Some groups applaud such initiatives because they believe that businesses are simply being forced to pay what's due and keeping government coffers full in the process. The California Tax Association, a union group that advocates for a strong public sector, commended the state's letter-writing initiative because there is "a ton of tax avoidance out there," as a spokesperson said. Meanwhile, New York's businessman Mayor, Mike Bloomberg, told the press that firms that obey the laws have nothing to worry about from new enforcement efforts.

But the reality is more complicated. In New York, city inspectors under pressure to boost revenues have resurrected obscure laws that haven't been enforced for years. Meanwhile, tax codes are getting so complicated that firms struggle to comply at huge costs, and many still run afoul of the law. A survey last year by Tallman Insights, a technology consulting firm, found that small and mid-sized businesses spend on average $327,000 a year just to conform to sales and use taxes. At the heart of those costs are constant increases in tax rates, changes in clauses of the tax code, and complex lists of what qualifies as taxable and what doesn't.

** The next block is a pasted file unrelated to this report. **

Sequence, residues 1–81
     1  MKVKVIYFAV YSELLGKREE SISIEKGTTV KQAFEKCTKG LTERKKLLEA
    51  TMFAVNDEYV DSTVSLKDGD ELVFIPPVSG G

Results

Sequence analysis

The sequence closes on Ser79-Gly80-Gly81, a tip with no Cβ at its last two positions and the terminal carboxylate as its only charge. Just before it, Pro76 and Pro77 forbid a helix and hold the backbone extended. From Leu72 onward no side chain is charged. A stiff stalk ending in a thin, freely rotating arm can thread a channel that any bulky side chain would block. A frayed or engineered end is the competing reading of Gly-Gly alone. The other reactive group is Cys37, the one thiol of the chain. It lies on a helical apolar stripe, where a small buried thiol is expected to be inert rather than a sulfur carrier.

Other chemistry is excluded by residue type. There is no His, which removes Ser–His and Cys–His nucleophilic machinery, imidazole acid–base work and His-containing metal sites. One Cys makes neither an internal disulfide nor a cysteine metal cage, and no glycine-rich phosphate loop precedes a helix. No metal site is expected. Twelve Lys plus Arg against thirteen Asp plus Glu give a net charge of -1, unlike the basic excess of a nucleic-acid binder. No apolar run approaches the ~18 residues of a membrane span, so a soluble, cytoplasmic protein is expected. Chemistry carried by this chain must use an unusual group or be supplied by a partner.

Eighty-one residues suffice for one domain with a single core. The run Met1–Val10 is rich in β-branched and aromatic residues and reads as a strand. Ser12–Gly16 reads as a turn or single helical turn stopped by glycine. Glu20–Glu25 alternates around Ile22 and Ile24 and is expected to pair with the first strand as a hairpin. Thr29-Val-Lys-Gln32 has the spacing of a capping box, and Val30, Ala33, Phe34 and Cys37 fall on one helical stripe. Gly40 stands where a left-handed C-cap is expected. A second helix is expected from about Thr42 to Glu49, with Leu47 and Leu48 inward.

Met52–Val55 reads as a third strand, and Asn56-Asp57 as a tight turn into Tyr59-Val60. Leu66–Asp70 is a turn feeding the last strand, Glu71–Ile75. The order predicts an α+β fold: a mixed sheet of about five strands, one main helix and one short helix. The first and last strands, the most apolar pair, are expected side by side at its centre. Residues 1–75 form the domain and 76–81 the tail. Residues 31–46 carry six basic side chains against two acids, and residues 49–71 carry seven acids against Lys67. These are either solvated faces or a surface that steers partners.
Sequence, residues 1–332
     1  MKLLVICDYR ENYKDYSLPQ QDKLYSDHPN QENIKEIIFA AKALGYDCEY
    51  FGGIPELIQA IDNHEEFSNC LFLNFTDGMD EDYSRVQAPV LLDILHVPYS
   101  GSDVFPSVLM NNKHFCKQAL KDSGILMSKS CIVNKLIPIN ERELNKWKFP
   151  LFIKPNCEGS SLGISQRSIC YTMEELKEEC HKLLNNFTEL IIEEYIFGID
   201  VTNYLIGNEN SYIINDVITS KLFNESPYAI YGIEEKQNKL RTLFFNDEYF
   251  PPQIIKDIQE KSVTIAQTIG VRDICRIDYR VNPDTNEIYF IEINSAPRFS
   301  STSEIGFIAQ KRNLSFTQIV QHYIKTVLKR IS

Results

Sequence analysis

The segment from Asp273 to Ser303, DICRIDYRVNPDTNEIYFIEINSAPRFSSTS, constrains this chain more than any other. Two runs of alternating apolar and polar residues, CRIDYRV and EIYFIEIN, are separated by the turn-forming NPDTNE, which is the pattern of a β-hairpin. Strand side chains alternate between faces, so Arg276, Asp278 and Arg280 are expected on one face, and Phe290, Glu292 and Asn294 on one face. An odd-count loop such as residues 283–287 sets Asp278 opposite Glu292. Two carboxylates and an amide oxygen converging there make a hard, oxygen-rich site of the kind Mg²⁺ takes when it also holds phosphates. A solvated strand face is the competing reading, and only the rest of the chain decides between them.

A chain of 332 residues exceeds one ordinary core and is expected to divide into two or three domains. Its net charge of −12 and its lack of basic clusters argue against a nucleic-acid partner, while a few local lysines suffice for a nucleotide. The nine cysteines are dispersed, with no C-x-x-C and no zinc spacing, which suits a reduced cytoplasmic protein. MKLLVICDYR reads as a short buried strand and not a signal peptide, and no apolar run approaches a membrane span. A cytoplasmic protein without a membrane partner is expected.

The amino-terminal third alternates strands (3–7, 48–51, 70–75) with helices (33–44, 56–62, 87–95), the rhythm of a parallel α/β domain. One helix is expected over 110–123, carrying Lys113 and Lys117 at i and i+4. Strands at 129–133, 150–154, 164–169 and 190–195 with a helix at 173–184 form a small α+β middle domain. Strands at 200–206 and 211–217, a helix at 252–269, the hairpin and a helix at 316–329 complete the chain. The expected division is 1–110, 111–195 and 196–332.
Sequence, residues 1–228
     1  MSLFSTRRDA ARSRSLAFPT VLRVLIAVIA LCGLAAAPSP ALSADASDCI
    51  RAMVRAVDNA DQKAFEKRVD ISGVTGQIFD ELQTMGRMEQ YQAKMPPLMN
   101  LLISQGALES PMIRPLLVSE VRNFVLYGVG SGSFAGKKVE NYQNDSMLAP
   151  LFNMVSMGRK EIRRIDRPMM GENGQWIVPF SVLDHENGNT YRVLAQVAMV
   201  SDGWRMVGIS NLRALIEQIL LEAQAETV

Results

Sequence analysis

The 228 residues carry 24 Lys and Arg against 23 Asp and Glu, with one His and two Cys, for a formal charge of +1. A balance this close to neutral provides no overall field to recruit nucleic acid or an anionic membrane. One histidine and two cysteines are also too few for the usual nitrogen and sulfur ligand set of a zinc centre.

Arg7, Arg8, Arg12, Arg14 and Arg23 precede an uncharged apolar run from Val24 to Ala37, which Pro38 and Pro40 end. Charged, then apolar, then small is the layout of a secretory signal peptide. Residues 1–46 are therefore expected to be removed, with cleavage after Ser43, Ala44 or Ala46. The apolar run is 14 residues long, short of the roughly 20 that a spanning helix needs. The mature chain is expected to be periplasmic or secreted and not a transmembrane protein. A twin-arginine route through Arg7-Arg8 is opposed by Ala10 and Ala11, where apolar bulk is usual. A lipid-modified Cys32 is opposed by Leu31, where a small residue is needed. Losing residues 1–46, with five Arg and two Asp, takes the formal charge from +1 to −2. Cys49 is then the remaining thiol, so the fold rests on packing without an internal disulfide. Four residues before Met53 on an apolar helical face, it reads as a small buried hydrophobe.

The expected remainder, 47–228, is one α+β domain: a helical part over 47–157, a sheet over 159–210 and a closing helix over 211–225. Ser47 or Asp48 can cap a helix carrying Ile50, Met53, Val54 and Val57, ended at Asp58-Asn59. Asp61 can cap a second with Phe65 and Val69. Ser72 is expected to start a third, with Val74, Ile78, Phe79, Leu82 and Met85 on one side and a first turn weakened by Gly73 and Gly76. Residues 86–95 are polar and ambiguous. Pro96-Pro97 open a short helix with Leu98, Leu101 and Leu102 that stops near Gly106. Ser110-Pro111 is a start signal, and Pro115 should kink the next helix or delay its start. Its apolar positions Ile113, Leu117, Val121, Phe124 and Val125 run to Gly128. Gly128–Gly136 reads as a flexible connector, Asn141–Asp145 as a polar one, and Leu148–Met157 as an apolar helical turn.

In California, for instance, retailers are supposed to collect taxes on sales of fertilizer for flower gardens, but not on fertilizer used in vegetable gardens. If a store gets confused and collects for both, customers will complain. But if the store collects for neither, it's liable for the taxes and penalties on those items that are taxable. And the penalties add up. The Tallman surveyed estimated that businesses pay on average $34,000 in penalties and interest over and above back taxes.

Many firms that do business over state lines are finding that the cost of expanding in even a minor way, such as by enlisting an independent agent to represent the firm in a new state, can lead to a big tax bite. A recent article in CFO Magazine recounted the tax woes of a small Arizona furniture manufacturer which had a sales rep who made one trip a year to Washington State to service just two clients. When the state's tax authorities surveyed the firm and found out about the business, they sent it a substantial income tax bill based on just three days of activity every year in Washington. A poll by the magazine found that the states that were most aggressive about trying to extend their tax reach in this manner to out-of-state firms were New York, California, Massachusetts, New Jersey and Texas.

The good news in all of this, I suppose, is that it's worse elsewhere, such as in Europe, because of the widespread use of the Value-Added Tax, or VAT, which is a multi-stage levy which requires firms to calculate the value they add to a product or service and then pay taxes, which are eventually passed along to the consumer.

I guess business owners can thank heaven that America doesn't have a VAT, for now at least.


Steven Malanga is an editor for RealClearMarkets and a senior fellow at the Manhattan Institute